Well blog hoppers, the next blog on your journey is Nathalie.  For those of you who didn’t hop over here from Joanne‘s blog, why not go to see Miss Smith and join the blog hop to see ALL of the lovely craftiness created from her little embellishments.

Congratulations Miss Smith – here’s to the next 200 blog posts!

P.S. Can anyone tell me the title of the kids quiz show hosted by Bob Holdness that gave me my title?  It’s bugging me that I can’t remember.

P.P.S. Don’t forget the A-Z challenge at Scrapbookers Anonymous – get busy as a bee to scrap your letter B related stash.

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30 responses »

  1. Bee Keeper’s badge!! Wow. Great idea to use the larger scalloped circles to tie in with the embellishment and great photo.

    ……….and yes, it was Blockbusters 🙂

  2. Great LO…and a great story behind it….My uncle used to keep bees before her died and we used to always have pots of honey at home…

    Have a great weekend….

    Kirsti xxx

  3. Oh, yes. Blockbusters! That takes me back lol

    Your page is beautiful – a true Miss Smith tribute with that wonderful journalling and lovely layering. and I think that might be the first green embellishment I’ve seen. Isn’t that cute?

    Hope you are having a great weekend

  4. Blockbusters – I am use a version at school to help with revision and try to enthuse the kids about it :0)
    Great page and the embellishment works really well.

  5. Lovely LO, it seems Miss Smith has inspired a whole lot of people. You are so brave to journal so much onto a page – I need to try it. Used to love Blockbusters too:)

  6. Wonderful page, I love all the layering, and I like how you’ve tucked the embellie into the top corner, so it’s not immediately obvious but really adds to the page. Great story too! x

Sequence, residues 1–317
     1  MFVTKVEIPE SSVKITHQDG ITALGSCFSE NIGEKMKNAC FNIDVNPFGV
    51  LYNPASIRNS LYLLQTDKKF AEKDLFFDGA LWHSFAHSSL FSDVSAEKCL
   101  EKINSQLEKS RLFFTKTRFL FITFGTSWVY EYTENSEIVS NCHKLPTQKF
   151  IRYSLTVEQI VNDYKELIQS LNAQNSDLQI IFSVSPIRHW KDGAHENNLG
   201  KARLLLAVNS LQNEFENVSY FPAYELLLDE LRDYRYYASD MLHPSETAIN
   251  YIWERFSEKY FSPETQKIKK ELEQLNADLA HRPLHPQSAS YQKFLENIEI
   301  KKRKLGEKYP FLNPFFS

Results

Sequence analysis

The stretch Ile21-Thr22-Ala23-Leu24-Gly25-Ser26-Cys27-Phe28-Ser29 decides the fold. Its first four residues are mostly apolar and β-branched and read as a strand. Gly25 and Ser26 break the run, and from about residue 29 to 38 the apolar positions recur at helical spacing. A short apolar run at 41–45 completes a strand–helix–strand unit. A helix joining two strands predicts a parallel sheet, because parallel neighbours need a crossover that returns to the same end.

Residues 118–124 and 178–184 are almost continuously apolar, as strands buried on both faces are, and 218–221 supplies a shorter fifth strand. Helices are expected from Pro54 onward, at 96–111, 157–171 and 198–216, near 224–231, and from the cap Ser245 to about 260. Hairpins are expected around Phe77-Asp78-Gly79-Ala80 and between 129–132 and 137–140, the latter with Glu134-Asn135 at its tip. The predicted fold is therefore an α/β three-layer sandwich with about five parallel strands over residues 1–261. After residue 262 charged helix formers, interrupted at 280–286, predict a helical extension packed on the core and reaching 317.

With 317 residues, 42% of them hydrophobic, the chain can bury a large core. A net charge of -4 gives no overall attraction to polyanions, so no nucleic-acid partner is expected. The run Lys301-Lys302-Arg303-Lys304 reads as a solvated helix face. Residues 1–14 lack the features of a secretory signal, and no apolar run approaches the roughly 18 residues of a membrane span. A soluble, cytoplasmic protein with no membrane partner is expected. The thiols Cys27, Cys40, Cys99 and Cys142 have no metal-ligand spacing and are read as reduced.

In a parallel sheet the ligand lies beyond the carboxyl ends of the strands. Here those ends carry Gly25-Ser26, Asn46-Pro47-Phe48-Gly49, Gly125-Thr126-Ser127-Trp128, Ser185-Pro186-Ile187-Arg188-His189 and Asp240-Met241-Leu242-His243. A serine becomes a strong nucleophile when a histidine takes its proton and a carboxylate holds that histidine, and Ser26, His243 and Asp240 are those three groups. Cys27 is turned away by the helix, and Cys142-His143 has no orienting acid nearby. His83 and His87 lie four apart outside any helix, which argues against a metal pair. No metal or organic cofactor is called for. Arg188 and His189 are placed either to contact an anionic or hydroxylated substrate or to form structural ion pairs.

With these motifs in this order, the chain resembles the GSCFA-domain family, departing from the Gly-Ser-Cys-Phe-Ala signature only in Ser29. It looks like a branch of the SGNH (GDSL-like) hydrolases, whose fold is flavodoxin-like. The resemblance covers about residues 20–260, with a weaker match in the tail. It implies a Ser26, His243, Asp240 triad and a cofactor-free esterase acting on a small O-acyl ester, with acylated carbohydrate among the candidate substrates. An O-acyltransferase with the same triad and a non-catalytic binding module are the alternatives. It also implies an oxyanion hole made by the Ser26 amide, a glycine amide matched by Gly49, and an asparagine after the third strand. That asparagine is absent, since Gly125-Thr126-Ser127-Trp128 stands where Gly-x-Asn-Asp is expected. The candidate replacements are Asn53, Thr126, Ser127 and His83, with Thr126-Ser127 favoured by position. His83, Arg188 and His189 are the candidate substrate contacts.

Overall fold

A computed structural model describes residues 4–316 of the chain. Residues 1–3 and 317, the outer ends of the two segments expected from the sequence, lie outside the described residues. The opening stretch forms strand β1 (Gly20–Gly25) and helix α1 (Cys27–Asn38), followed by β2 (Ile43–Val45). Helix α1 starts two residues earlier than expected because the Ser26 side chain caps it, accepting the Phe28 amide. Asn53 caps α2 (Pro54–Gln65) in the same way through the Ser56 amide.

7. I LOVE this page! It’s got a fantastic story and I really love the clustered layers – they add such a lot of detail to the page. And I won’t even get started on how cool the journalling looks 😀 Thanks so much for taking part, it’s brilliant!

    P.S. As a Guide leader, I really want to get our unit doing a bee keeper badge!

  8. Hi Julie, I wanted to drop back and thank you for letting me know about the blogger issue. I ahve no idea what might be causing this and I’m stating to wonder if it is affecting any other reader. Hmm..

  9. Ah, what an awesome story! I love all of the journalling on your page – and handwritten too. You’re so brave!

    Love the reference to Blockbusters as well. Couldn’t pass up acknowledging that, yes, I’m old enough to remember that 🙂

  10. I scrapbook so my children will have a connection with their heritage. I want to thank you so much for sharing this page because you have jogged memories of my heritage. I am a senior citizen now but in my youth I also worked with bees. I had three hives that I farmed for about three years. Sadly, one fall a bear /bears came one night and destroyed them all. I spent many happy hours working and watching my bees. Thanks for reminding me of it.